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Passion or Ego?

By: Joaquin y Viera

Some days ago, working with one of our clients (an organization), I found myself asking if organizations have EGO, the same way people do. If we relate to an individual, I refer to Ego as that external search for recognition and success, propelling us to perform searching for the acceptance of our peers or by looking to fit into what society determines we must be or have. How would Ego manifest itself in organizations? Could it be possible that organizations have something similar to Ego?

The way in which organizations determine their purpose, the one that represents their fundamental reason for being, and how much it intends to encompass, is something that I question. I wonder what elements does this purpose move? passion? inspiration? motivation? ego?

Lately I’m thinking that individuals and organizations set objectives depending on their goals and points of view, but influenced by a society that is always telling us “that without a life purpose/objective we are nothing and will be nothing as long as we don’t have a clear vision of what to strive for”. That could be why we crumble when we try to determine what to achieve while on earth; as we obviously desire that our achievements must be meaningful, transforming and of the highest impact. So, what if, we don’t have it clear? If we can’t do it alone? If the price to pay is too high?

Let’s think on, with reference to the last question, as an example: what would the price be for an organization to have as their purpose “to eradicate hunger”? Yes, I’m considering the economic implications but what about the emotional and mental health costs? What kind of resources does an organization require to have in place to achieve this particular purpose? How will the workers of these organizations tackle the objective and how much effort must be exerted by them just in trying to achieve it?

In my experience, some organizations end up sacrificing internal resources to achieve their purpose. So, it’s from this stand point that I ask myself, does this attitude respond to passion or ego?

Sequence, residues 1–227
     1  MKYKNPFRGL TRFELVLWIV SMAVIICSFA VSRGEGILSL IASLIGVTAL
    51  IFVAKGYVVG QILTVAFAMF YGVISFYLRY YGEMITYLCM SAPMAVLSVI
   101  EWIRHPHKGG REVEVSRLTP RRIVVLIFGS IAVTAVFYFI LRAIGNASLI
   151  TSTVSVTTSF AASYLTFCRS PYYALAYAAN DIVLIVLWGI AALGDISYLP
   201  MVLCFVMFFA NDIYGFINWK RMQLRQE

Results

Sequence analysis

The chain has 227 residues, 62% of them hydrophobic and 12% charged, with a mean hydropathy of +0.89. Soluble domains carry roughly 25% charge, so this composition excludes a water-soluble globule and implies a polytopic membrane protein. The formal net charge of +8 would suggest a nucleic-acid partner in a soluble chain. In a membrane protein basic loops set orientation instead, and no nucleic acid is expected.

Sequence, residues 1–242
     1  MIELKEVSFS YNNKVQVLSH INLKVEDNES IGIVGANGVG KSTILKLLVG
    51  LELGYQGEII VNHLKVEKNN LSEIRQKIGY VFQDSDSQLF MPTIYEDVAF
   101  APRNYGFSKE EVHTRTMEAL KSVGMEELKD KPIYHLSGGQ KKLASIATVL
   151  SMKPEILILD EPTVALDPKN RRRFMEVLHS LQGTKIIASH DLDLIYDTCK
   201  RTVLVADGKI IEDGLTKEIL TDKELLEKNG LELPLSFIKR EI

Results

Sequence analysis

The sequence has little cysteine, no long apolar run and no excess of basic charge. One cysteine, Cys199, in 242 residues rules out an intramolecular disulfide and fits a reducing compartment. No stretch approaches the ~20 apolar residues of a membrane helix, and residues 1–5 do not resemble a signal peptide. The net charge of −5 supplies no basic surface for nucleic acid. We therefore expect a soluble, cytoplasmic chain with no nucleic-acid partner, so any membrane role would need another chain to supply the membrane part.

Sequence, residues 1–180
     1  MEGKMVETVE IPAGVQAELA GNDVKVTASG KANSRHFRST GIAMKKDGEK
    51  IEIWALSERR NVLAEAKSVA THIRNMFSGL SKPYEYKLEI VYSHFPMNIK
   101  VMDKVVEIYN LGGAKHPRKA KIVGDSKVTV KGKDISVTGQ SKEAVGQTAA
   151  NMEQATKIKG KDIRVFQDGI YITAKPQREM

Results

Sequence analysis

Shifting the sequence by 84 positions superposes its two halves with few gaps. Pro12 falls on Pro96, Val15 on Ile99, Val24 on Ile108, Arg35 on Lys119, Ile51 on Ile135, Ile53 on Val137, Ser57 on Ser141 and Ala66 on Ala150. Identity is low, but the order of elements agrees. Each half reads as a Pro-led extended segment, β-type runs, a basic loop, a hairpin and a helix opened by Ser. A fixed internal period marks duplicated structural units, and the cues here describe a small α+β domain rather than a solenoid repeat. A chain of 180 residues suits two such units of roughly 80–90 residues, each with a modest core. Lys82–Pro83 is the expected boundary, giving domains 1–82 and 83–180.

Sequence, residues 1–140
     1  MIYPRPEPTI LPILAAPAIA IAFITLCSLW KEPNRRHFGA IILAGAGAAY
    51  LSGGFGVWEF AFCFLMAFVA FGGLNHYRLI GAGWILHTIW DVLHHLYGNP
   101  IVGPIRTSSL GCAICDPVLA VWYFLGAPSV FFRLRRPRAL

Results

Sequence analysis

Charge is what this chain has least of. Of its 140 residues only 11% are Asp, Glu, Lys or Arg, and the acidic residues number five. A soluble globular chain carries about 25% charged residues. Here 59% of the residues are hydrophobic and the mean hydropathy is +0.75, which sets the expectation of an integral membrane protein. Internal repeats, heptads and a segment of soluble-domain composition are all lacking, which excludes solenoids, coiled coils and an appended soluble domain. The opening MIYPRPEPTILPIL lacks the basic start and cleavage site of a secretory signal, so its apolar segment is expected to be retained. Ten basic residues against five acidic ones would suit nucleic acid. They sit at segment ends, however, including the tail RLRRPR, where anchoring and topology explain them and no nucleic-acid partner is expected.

Let’s look closely at this example: This organization works in the nutrition industry and its mission is to combat malnutrition in Peru. How much effort must be exerted by the organization to reach this goal? What would happen if their objective is only something in their horizon or just a North to follow? Is it beneficial to follow a path which is impossible to accomplish?

I think that initially there would be passion in achieving the objective but the task is so enormous and complex that possibly if they intent combating malnutrition what they would achieve instead would be high levels of frustration after attempting time and time again to achieve it: Truth is an organization can’t tackle something this big alone. So, I ask myself again, where does this ideal, wish or objective come from? Is it from an Ego standpoint, looking for the recognition it would receive by achieving the objective? If so, don’t we lose the passion and awaken a competitive edge to it; “I’ll be the one to do it, my competitors’ wont” What would it be like to belong to an organization with that train of thought? Maybe very exiting and empowering but also exhausting and debilitating.

Therefore, I ask myself, isn’t there a balanced way to approach and reach your purpose like building within and outside the organization? Isn’t there a way to take sustainable action that won’t risk the wellbeing of my people as well as contributing to others? Could this be possible? Could it be that an equilibrium within and without organizations can be found to contribute in the eradication of hunger without over working your people to the bone?

I would like to believe it is possible and now we have a chance to discover how.